America has more people needing care than the 4.5 million professional caregivers can provide. A recent national poll revealed that over 50 percent of people age 50 and older identify as caregivers or helpers. While most caregivers find it rewarding, there are many challenges.
First, the Happier Side of Caregiving
Many caregivers find they have a gift for anticipating people’s needs. They enjoy the sense of purpose that comes with helping someone they love. And the relationship between caregiver and patient can improve as feelings of trust and closeness increase. As rewarding as caregiving can be, we also know how draining it can sometimes become.
Too Many Demands on Time & Energy
Over half of family caregivers spend 40 or more hours a week providing care, whether cooking, cleaning, or assisting with daily activities. It is typical to be tired and even cranky at times, with all the physical and mental demands on you as a caregiver.
Many home caregivers also have children, jobs outside the home, or both. No wonder they’re called the “sandwich generation,” as both younger and older relatives demand time and energy.
Be aware of signs indicating that you have been pushed too far and need to rest and recuperate. If you have begun to feel negative, hopeless, anxious, and depressed in your role as a caregiver, you may be experiencing caregiver burnout.
Signs of Caregiver Burnout
Burnout occurs when caregivers don’t get the help and respite they need to reset their physical, emotional, and mental energy. You feel exhausted, no matter how much sleep you get.
There are other signs of caregiver burnout, including:
- Lack of energy or overwhelming fatigue
- Difficulty coping with everyday things
- Changes in sleeping and eating habits
- Feeling unusually impatient, irritable, angry, or argumentative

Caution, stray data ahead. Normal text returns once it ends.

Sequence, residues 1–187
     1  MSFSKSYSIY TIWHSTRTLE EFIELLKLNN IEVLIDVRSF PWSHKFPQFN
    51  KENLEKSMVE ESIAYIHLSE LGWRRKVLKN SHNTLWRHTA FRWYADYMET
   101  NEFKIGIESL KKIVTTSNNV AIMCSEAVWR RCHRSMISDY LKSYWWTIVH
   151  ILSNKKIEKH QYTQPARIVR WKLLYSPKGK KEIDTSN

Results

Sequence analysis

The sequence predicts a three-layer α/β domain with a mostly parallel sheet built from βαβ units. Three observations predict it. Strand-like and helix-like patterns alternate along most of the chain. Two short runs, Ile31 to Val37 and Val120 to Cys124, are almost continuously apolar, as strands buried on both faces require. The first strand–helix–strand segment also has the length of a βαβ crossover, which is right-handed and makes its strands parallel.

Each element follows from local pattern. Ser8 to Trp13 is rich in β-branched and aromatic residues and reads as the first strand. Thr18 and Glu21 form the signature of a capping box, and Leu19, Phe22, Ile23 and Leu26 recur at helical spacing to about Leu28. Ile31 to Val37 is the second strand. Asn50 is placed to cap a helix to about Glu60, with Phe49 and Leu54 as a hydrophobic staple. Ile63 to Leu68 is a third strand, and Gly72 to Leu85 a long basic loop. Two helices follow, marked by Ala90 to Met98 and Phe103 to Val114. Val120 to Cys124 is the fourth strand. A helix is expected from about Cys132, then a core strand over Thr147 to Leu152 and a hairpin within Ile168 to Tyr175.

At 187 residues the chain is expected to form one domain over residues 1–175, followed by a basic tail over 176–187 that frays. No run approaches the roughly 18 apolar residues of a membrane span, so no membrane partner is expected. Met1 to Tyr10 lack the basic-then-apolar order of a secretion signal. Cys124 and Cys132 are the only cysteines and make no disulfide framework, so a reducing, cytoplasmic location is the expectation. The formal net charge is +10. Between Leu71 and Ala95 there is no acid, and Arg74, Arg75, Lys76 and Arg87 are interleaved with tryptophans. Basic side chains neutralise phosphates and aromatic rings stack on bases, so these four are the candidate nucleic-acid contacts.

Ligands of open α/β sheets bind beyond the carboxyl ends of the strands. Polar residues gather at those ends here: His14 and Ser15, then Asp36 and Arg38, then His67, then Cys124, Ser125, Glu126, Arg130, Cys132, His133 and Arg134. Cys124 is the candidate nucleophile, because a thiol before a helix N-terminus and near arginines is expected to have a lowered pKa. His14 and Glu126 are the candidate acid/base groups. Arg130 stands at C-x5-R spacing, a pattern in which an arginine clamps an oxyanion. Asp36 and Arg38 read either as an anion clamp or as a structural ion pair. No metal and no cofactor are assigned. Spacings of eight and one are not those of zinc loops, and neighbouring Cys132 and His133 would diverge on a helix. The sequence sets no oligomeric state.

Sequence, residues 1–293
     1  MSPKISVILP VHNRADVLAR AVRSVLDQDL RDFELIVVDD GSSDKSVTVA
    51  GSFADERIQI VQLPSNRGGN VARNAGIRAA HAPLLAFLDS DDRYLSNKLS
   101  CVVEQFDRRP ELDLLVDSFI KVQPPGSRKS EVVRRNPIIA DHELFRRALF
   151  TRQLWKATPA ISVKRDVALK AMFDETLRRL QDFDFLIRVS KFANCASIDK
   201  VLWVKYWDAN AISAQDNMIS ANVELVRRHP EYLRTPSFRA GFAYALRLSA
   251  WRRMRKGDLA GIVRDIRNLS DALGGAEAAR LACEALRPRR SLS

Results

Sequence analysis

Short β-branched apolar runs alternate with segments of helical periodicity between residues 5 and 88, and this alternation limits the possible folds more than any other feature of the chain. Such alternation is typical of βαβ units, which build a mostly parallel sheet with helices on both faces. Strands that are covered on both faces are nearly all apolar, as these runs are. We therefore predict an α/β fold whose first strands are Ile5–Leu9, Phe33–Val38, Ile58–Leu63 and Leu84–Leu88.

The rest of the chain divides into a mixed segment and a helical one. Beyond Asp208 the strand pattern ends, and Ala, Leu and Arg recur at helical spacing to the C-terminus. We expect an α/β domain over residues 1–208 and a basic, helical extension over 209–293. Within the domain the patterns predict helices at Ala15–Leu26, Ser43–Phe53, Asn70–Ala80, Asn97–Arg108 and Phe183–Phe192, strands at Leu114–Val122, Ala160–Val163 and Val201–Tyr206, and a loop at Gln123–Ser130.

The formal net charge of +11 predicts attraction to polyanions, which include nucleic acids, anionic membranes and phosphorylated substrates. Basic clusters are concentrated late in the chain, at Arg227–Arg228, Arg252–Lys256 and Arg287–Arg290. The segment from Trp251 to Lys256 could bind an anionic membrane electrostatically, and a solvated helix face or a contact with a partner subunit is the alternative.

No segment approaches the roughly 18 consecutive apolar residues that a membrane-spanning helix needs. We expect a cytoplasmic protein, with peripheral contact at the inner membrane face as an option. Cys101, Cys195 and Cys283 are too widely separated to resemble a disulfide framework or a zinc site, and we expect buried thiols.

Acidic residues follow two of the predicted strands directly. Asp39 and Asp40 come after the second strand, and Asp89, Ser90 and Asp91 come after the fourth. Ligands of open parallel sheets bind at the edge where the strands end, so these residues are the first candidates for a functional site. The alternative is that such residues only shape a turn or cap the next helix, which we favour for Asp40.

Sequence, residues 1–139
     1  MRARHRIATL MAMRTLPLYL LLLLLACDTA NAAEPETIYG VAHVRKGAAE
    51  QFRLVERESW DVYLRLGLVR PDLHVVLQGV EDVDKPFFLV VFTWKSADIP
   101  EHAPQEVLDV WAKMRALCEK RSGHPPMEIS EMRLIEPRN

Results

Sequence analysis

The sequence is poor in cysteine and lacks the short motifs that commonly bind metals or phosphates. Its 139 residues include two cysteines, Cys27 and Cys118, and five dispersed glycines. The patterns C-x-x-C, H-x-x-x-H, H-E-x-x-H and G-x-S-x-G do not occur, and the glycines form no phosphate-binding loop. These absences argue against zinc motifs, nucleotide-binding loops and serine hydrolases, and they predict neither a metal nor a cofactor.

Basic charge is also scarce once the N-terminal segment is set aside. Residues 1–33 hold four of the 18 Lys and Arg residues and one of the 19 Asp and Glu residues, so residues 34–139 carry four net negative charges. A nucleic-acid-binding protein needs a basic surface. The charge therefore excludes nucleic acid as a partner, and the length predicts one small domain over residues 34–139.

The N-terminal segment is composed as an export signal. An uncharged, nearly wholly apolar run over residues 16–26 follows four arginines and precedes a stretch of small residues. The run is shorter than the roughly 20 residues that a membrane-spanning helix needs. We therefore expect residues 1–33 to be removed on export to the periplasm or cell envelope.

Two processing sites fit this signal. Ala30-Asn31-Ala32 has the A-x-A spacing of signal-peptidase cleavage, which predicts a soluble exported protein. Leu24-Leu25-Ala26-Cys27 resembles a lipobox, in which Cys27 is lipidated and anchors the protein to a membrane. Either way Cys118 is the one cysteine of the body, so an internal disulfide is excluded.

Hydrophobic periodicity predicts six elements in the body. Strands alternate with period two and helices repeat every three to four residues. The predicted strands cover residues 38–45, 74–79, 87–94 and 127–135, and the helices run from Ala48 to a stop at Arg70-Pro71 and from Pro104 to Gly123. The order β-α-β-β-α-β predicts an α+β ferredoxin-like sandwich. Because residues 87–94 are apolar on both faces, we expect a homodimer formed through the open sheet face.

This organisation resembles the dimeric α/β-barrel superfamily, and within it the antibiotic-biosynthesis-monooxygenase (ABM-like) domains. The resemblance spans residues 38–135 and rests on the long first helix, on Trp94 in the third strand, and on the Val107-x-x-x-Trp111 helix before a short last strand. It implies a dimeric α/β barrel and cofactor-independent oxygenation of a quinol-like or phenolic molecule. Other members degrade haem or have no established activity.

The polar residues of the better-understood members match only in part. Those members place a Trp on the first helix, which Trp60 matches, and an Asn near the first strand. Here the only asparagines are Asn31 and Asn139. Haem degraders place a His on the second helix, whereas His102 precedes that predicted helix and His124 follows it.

- Withdrawing from activities you once enjoyed
- Neglecting your own physical and emotional needs
- Experiencing anxiety about the future
- Depression or mood swings
- Physical ailments, including headache or stomach pain
Caregivers sometimes feel guilty about taking time for themselves. This is particularly true when you live with the people you care for. However, as Aimee R., a former hospice aide, noted, “If you do not take the time to care for yourself, you will not be able to care for others.”
Tips for Preventing Caregiver Burnout
Set realistic expectations and goals for your day.
Prioritize activities and make peace by leaving some responsibilities for another day or the next shift. Be realistic about what your family member or patient can achieve, given their age, health, and abilities.
If you are the spouse, adult child, or sibling of the person you give care to, the boundaries between your role as relative and home health aide become blurred. No one should be expected to work around the clock, even to help someone they love.
Schedule breaks and downtime.
Prioritize breaks during the day when you can sit and have a coffee, go for a walk, or talk to a friend. Schedule a vacation (even if you don’t go anywhere) by having a friend or paid caregiver fill in for you.
Utilize available resources for yourself or your loved one.
Aimee recommends seeking support from your employer’s assistance program, local hospice, government agencies, and non-profit organizations. These can make a world of difference when you feel overwhelmed.
Have a healthy release from stress.
Prioritize caring for your body and mind: a healthy diet, finding a form of movement that you enjoy, getting enough rest, and engaging in an activity that gives you joy.
If you believe you are experiencing caregiver burnout, these tips can help you feel better mentally, emotionally, and physically.
Caring for a dying loved one often brings additional stress if they have not made end-of-life plans. Talk to a doctor, attorney, or ShareLife family care advisor on steps you can take to help you through these challenging times.